Darcy sitting in a messy room, shrugging, with the caption "Real life is messy."
Published 11.02.2021

Written by Darcy Luoma

Darcy Luoma is one of America’s most highly credentialed coaches. She’s worked in 48 industries, with more than 500 organizations, and has impacted tens of thousands of leaders and employees.

Sometimes it’s supposed to be messy

My life is a mess right now. 

As the mom of two teenage daughters and a teenage cat with newly unpredictable litter box habits, I deal with messes in my house every day. Those are easy, if not stinky, to clean up.

But it’s not only the physical mess that I’m dealing with. You know how when you clean a really messy closet, you make a bigger mess in the room before it gets better? Well right now, I have a lot of big messes in my life that have spilled out and taken over my thoughts.

I’m dealing with the mess that comes with grief. I’m coming to terms with a world that does not include my mom. And the challenges that come with wanting to make everything better for my dad. I haven’t figured it out yet, and I know it only comes with time. That’s going to be messy for a while.

Our family schedule is a mess. After being home, together—I mean every single moment together—for 18 months, my girls are finally back to in-person school. Their activities have started again and the mom taxi service is running overtime. We’re still figuring out our new routines and finding time to spend time together outside of the minivan. I’m counting down the days until Josie can take her drivers’ test—though I know that has the potential to create its own new messes. 😊

And maybe because of my mom’s passing, the unpredictability of COVID-19, and watching my girls grow up sooo fast right before my eyes, I’m taking stock of my own life and priorities. Just like cleaning out the closest, shifting how I spend my time feels messy. And it can lead to some messy conversations.

Let me give you an example.

As a business owner, it’s important to me to approve anything that goes out with my name on it. This can create bottlenecks at times and—especially at busy times when I’m consciously choosing to spend more time with my girls—this can cause frustration for my team and guilt for me. (I hate feeling like I’m holding people up, and the piles were further exasperated by the fact that I had spent many hours by my mom’s side in her final months.) We had reached a point where things were falling through the cracks, and we needed to have a conversation.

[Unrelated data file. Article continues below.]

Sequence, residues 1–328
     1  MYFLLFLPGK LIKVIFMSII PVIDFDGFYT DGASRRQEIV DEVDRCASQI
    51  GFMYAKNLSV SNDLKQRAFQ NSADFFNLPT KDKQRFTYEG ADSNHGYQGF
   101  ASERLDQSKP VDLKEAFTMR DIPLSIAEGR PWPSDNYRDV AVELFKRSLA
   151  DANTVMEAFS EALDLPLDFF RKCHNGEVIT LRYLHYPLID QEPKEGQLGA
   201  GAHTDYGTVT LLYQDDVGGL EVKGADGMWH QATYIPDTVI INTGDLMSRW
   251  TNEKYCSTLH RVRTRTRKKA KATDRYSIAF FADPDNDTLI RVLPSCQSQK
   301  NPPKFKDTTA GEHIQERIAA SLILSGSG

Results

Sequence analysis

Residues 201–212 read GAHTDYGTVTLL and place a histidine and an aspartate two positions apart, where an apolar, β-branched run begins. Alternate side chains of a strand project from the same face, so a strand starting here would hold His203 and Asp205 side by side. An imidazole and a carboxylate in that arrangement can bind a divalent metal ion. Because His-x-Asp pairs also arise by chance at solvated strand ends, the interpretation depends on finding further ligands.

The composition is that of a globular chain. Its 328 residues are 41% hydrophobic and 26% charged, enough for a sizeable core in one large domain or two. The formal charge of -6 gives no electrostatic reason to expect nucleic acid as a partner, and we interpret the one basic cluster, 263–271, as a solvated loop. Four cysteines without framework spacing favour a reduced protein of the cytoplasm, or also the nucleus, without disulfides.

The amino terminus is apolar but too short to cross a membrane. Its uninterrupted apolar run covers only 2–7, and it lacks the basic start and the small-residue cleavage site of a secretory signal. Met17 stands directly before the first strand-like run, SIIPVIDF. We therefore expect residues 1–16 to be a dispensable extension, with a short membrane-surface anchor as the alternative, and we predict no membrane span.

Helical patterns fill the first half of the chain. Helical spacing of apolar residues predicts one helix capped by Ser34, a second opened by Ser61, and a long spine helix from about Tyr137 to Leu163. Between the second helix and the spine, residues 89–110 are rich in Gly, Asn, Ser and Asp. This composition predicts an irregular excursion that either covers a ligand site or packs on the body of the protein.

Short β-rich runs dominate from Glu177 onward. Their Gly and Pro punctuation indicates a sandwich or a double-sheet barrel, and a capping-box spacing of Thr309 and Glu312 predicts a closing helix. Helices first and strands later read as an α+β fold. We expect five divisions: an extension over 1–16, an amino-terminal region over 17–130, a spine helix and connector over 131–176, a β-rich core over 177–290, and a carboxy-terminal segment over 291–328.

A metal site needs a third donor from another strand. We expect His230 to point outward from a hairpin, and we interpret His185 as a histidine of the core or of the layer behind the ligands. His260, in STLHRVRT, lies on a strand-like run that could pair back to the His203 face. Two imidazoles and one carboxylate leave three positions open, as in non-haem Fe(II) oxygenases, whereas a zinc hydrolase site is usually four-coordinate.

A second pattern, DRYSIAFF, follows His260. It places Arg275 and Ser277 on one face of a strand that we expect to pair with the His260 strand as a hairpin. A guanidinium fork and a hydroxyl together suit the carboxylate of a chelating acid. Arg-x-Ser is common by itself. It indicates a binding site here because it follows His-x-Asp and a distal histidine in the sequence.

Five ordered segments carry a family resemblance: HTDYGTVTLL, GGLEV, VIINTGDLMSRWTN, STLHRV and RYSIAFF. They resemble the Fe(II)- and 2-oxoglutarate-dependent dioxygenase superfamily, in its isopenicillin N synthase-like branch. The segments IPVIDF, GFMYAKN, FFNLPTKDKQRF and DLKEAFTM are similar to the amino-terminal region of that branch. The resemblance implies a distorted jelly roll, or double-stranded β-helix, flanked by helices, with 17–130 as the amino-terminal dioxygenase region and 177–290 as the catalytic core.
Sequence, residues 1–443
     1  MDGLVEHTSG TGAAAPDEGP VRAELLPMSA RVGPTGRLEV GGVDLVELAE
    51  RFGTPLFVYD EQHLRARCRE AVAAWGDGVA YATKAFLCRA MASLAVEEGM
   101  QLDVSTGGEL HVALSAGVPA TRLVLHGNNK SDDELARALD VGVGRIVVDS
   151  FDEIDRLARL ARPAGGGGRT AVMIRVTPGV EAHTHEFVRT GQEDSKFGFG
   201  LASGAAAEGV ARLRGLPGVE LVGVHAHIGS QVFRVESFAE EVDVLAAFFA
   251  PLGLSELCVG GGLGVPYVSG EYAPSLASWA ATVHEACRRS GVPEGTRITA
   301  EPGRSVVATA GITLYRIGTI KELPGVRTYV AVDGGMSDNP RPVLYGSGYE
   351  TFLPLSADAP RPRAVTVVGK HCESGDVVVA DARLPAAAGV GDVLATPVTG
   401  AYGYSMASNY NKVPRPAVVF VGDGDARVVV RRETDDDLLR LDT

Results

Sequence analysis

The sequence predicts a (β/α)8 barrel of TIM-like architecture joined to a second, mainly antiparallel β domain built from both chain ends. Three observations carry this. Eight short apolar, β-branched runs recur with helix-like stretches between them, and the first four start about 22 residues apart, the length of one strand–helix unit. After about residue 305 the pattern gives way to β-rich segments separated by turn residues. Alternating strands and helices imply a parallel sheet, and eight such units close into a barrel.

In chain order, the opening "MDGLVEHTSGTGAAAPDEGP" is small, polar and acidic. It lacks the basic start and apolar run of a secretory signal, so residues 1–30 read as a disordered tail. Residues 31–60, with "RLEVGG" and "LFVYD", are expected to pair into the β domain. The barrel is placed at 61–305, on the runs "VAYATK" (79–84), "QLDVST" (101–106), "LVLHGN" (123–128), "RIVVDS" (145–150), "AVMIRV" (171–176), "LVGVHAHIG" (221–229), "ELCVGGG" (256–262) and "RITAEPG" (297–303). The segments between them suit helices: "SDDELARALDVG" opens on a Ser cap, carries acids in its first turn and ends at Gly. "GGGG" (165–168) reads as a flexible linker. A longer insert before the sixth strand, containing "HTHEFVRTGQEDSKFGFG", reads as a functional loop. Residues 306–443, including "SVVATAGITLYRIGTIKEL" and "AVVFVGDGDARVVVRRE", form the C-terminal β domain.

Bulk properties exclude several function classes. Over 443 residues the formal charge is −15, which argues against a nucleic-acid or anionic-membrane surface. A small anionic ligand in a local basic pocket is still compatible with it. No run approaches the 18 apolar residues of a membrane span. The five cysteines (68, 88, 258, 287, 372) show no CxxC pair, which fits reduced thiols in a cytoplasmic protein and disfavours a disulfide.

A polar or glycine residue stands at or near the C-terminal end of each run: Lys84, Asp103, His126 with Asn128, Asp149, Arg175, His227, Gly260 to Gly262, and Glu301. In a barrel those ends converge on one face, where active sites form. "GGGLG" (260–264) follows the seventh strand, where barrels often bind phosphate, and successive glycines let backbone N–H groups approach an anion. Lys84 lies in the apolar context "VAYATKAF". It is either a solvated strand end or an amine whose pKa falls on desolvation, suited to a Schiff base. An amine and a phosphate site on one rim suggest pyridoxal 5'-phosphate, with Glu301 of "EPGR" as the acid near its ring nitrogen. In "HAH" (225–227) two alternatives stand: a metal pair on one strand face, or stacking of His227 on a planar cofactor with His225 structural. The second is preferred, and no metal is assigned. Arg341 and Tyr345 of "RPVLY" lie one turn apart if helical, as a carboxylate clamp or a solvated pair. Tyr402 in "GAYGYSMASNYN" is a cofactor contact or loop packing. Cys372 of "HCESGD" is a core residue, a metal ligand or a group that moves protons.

We talk about having Balanced conversations all the time. (Here’s a link. Here’s another. Here’s one more. You could also say I wrote a book about it.) So this should be clean and simple for Team DLCC, right?

Moment of truth… It’s not!

Is your workplace a hybrid of virtual and in-person? That sounds messy.
Here are some tips to make it more manageable…

VIDEO TRANSCRIPT

Jill Mueller:
One of the things that I love about my job is being able to hear from different leaders and different organizations in all different types of industries. And I remember a year and a half ago, a little bit more now it seems than a year and a half ago, when the pandemic first started, was how quickly people switched to virtual workspaces. And how there was both trying to figure it out, trying to figure out what it was like working from home, trying just to even get a printer or a modem with a camera for video conferences. And also the novelty of it, of the virtual happy hours, the virtual meetings that were more social in nature than just all business in nature.

Jill Mueller: